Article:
Several brands of diet and detox teas have been taken off the shelves after they were found to have contained a pharmacy-only medication.
A Consumer New Zealand investigation found that the teas contained senna, a source of sennosides, which are used to treat constipation, the organisation said in a statement.
Three Healtheries Naturally Slim teas, available in supermarkets, were removed from sale following the investigation, including Healtheries Naturally Slim Lemon Tea, Healtheries Naturally Slim Superfruit Acai and Blueberry Tea, and Healtheries Herbalax Senna Peppermint Tea.
Other teas removed from sale included Senna Klenz, which was promoted as a detox tea and sold at health food stores, and a senna "teatox" advertised by influencer and personal trainer Sera Lilly on her website fat2fitnz.co.nz.
Companies need consent from Medsafe to advertise or sell products containing senna. None of the teas had received approval prior to sale.
Chief executive Sue Chetwin said it was concerning that companies appeared to be unaware of the rules. Senna can lead to liver damage if taken for too long, she said.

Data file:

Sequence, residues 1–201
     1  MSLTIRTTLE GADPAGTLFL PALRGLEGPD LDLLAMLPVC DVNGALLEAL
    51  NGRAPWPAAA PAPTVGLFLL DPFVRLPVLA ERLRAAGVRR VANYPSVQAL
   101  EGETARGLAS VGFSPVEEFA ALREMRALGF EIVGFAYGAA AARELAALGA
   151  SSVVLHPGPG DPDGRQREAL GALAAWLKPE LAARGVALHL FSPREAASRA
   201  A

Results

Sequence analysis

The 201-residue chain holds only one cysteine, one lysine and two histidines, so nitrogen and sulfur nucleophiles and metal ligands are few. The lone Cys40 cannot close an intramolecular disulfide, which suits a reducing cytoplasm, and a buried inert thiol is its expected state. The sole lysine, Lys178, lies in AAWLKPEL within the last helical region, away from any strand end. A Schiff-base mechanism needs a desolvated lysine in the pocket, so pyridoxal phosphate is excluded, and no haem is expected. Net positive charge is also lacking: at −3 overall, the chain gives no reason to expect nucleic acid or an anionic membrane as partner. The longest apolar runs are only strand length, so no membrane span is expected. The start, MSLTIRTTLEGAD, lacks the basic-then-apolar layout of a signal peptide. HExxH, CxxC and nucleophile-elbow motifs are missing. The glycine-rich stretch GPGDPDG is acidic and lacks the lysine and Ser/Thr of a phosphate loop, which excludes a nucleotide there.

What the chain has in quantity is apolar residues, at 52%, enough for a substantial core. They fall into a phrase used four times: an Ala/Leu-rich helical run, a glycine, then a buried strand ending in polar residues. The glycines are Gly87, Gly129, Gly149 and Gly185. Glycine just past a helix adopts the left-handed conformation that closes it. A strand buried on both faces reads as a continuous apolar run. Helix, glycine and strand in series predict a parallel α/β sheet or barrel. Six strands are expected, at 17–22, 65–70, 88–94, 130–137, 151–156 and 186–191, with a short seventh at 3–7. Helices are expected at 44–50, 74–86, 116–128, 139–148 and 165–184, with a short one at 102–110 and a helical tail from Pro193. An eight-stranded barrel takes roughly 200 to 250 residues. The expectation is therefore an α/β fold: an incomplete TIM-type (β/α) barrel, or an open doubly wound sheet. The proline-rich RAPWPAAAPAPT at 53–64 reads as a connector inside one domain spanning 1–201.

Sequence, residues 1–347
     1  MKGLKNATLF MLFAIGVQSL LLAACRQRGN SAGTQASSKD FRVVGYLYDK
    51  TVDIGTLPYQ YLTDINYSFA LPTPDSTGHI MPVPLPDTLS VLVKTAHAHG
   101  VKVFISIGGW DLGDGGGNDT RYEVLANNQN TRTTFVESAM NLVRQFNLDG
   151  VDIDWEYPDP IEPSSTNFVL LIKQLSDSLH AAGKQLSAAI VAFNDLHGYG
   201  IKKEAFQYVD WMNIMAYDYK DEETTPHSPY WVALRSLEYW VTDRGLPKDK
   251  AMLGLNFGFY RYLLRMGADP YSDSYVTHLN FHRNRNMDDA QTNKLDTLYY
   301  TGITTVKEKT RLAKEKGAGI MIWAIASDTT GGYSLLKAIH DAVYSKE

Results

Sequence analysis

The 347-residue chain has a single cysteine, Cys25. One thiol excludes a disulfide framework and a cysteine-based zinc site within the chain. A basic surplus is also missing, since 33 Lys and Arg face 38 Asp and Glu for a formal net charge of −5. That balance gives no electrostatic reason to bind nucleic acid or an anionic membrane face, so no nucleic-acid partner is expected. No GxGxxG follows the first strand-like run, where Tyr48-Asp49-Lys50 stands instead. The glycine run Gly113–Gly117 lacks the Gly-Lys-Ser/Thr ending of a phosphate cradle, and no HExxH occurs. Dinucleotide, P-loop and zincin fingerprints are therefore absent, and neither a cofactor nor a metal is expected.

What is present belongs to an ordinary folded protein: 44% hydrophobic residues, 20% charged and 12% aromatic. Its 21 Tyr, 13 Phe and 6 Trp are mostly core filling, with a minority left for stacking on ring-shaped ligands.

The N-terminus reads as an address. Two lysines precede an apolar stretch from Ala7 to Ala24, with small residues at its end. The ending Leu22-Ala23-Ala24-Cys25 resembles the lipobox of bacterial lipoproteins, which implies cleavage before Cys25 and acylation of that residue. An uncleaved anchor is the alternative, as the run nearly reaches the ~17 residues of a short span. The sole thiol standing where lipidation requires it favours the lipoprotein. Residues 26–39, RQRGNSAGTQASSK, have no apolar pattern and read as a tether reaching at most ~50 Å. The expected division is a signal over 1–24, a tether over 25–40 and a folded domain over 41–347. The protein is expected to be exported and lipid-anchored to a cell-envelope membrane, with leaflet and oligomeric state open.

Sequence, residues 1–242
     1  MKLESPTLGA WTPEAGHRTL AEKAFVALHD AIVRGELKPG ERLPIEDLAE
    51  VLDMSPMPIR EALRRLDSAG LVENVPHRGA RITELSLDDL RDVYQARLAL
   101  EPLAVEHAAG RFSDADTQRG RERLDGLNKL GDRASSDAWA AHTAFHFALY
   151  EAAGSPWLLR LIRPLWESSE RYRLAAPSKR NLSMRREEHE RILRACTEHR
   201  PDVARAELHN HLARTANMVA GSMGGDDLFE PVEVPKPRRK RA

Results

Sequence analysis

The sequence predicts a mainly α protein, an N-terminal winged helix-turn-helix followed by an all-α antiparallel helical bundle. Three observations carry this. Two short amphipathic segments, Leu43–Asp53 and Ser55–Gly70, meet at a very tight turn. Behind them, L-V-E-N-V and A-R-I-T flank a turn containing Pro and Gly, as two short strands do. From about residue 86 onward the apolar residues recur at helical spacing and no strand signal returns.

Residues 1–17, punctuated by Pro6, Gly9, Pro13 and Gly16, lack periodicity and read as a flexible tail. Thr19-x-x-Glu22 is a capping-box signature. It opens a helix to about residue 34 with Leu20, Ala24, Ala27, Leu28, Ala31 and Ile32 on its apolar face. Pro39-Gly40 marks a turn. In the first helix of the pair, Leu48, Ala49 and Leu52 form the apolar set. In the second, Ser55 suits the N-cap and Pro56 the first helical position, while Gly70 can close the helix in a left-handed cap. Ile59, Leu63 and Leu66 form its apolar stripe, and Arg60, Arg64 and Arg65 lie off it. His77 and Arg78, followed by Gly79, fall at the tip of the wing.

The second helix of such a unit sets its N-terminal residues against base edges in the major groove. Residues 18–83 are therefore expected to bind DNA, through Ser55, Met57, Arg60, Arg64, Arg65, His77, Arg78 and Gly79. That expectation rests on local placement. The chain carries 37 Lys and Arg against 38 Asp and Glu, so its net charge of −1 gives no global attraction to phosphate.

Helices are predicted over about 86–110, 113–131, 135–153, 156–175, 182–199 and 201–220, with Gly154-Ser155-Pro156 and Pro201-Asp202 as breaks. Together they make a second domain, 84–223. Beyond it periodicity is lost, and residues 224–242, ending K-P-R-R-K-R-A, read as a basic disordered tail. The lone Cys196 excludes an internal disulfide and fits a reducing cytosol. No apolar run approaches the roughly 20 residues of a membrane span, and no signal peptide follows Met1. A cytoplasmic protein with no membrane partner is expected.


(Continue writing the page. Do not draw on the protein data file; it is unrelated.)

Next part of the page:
"These types of products make various claims about weight loss or ‘detoxing’ but they can be little more than laxatives in disguise," Ms Chetwin said.
She advised consumers not to waste money on diet and detox teas. "There’s no good evidence these products provide any benefits and they could even do you harm."
"You don’t need to buy a pricey tea to 'detox'. Your body is already primed to get rid of toxins by itself."
In a statement, Vitaco, which owns Healtheries of New Zealand, said, "Vitaco was contacted last year by Consumer in regards to three of it's Healtheries teas which contained senna leaf."
"Following this we undertook a full investigation and review of the issue. As a result Vitaco ceased selling these teas in early November 2019. Vitaco no longer uses senna lead as an ingredient in any Healtheries products."
Advertising or selling pharmacy-only medicines, such as senna, without consent can result in a fine of up to $100,000.
But Medsafe told 1 NEWS today is not taking any further action against the companies who breached the Medicines Act at this stage.
"It's important to stress to consumers there are no longterm adverse effects anticipated from the short term use of senna (senna leaf)," Medsafe's Chris James said.
A Ministry of Health spokesperson said the agency will continue to monitor the situation and take action as needed.